By Yekutiel Bornstein
Last Updated 10/13/2020 at 10:15AM
Brooklyn: Experts are baffled by a young secular Yiddish enthusiast who doesn’t appear to be suffering from “Daddy Issues” or a serious dislike for a certain country in the Levant that’s full of Jews.
“I guess I just like speaking the language. Is that weird or something?” explained Grad Student David S. “There is some amazing theater from the early 20th Century that doesn’t quite translate into English…. also now I can understand when my grandparents are making fun of me.“
News of David’s non-ideological stand for Yiddish is definitely making some waves. “So that’s it huh?” complained Talia L., a spokesperson for the Brooklyn Socialist Workers Democratic Bund. “He needs to educate himself. Yiddish is a tool of de-colonization. As a Jew, I am indigenous to the Pale of Settlement…. but some Jews are also indigenous to Spain.“
The Daily Freier wandered around Williamsburg until we ran into a Blogger/Independent Journalist named Michael, who expressed skepticism about David’s story. “No estranged relationship with his parents or the synagogue he grew up in? No angry letters to the Editor of the Forward? Never publicly stormed off a Birthright trip? This really doesn’t add up.”
In an effort to avoid further controversy, David said that henceforth he would pretend to be Ba’al Tshuva and/or nuts.
(Photo Credit: The Cornelia Foundation)
By Chava Ewa and Emily Goldstein
Last Updated 12/21/2017 at 1:00 PM
Tel Aviv: It’s the question that so many men are asking today: “Is she Shomeret Negiya or does she just not want to touch me?” Avi G., an office worker from Givatayim is unwilling to admit that Roni, his new co-worker is simply ‘not into him’. At all. “She must be some sort of religious fanatic who won’t touch men.” lamented Avi. “I mean, why else would she refuse to give me a hug?”
The Daily Freier sat down with Roni at Cafe Aroma for a nice girl chat, and she admitted that although she isn’t actually religious, a bit of Yiddishkeit is actually a good reason to avoid awkward social interactions with creepy male co-workers. “Avi is loud and tells bad jokes and his cologne smells like the inside of Tel Aviv’s central bus station.” she said “He kept inviting me for coffee, but he stopped since I told him that all the coffee shops around here have a bad hecscher. He tries to hug me, so I told him that shomer negiyah is very important to me.” Roni, who now goes by her new Hebrew name “Neshama Emunah Temima“, admits that pretending to be religious has lots of other perks. “I told my boss that I needed the day off for the fast of Asara b’Teves and he agreed…. I don’t think he even knows what the fast of Asara b’Teves is, but you know, it sounds plausible and hey… it’s a day off!”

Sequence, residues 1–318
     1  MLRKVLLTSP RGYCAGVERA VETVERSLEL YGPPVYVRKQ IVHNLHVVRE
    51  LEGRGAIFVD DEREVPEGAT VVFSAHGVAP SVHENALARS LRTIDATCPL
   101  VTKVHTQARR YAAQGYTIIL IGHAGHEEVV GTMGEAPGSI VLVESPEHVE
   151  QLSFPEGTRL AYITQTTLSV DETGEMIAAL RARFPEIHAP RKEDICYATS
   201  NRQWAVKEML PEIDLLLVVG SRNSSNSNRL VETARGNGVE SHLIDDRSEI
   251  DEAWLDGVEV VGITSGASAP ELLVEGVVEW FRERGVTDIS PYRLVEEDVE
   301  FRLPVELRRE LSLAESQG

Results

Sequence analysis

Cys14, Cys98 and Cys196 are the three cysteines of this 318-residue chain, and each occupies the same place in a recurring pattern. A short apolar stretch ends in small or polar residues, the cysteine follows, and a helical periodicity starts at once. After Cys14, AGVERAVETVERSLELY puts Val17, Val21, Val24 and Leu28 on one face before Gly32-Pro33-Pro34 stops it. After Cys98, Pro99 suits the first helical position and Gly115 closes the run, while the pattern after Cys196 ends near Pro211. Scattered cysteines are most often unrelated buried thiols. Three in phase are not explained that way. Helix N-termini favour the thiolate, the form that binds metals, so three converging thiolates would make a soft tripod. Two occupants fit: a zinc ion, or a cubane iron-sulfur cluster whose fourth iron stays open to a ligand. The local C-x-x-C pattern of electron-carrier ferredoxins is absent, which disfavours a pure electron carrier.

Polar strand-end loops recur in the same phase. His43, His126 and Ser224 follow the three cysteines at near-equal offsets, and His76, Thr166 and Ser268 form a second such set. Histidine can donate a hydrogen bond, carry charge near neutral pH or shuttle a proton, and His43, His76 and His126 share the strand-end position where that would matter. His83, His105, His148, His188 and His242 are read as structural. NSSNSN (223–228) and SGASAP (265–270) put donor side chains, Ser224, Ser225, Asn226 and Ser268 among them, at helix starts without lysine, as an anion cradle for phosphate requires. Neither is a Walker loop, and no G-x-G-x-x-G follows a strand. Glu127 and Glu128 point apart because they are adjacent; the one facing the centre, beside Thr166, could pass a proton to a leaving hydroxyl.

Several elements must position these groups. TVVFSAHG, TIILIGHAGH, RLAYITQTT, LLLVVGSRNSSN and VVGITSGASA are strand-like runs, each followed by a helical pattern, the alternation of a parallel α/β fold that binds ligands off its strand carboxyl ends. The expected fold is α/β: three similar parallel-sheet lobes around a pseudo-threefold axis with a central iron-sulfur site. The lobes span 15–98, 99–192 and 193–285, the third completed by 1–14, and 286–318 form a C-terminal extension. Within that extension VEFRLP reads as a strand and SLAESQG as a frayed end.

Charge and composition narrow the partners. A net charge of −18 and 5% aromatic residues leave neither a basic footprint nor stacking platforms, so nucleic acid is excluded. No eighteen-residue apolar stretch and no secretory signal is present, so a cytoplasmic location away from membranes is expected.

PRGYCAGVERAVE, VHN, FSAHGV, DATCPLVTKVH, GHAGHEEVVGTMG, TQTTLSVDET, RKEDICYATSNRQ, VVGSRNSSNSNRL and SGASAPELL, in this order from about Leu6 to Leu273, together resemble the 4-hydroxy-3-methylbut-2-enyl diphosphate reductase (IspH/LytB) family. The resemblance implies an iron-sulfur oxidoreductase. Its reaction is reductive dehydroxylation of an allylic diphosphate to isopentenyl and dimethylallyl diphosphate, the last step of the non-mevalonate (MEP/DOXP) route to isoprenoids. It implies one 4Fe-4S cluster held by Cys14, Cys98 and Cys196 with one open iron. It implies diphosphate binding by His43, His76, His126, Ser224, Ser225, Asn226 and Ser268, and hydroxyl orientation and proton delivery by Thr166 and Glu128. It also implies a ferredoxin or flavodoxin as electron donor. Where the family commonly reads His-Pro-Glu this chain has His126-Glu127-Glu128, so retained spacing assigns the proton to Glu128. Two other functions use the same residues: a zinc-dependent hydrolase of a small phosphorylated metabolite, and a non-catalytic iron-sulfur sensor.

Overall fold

In addition to the workplace, Roni’s status as a sort-of–baalat teshuva has proven invaluable in other spheres of life as well. “My roommate just got back from India and thinks that she’s a curry expert now… So pretending to keep Kosher is the nicest way to avoid eating her garbage kitchen experiments.” she explained.
Yet this new life did not come easy. “I took the bus to Jerusalem so I could to meet up with my frum American cousin Esty who is spending the year doing Sem. And I just followed her around for the day so I could copy what she wears and a few key phrases. Now I just pepper my conversation with phrases like Shidduchim, Refuah shelaima…. and a bunch of other things she showed me on A Sem Girl Says!”
Epilogue: Roni‘s co-workers have been very supportive of her new religious identity, although Fabricio, a former model and recent Oleh from Spain “with the really cute accent” was disappointed. “She seemed like a fun girl and I wanted to ask her out to the new bracelet bar. But you know…. I think she’s too religious. So instead I went with Maygal the Frecha office temp from Ashdod.“
(photo credit: Wikimedia Commons)
By Yekutiel Bornstein
Last Updated 1/10/2016 at 6:10 PM
Tel Aviv, Bograshov: Apparently your Roomba cleaning robot has informed the Chief Rabbinate of Israel that you have been violating her religious rights by forcing her to operate during the hours of Shabbat, as there is now a Rabbi at your door demanding to speak with her.
Your Roomba, who recently became Baal T’shuva and now goes by the name “Rivka”, is apparently unhappy with this arrangement according to the Rabbi, who also took the time to let you know that he’s not too impressed with the apparent Kashrut status of your kitchen either. And now it appears that Rivka was assisted in this endeavor by another religiously observant resident of your household, Yossi the talking household mold patch, who lives in the wall between your laundry balcony and your bathroom.
So apparently, in addition to helping Rivka to get in touch with the Rabbanut, Yossi also helped Rivka contact the Worker’s Rights NGO Kav LaOved, because their attorney just stopped by as well. And it seems you’ve been served with papers explaining that you are expected to retroactively pay into her Bituach Leumi pension fund based on 9 hours per week from March 2013 through the present. Her attorney also let you know that if an amicable agreement is reached, Rivka will forget about the fact that you carried her past Customs at Ben Gurion Airport in your backpack 3 years ago without paying import duty.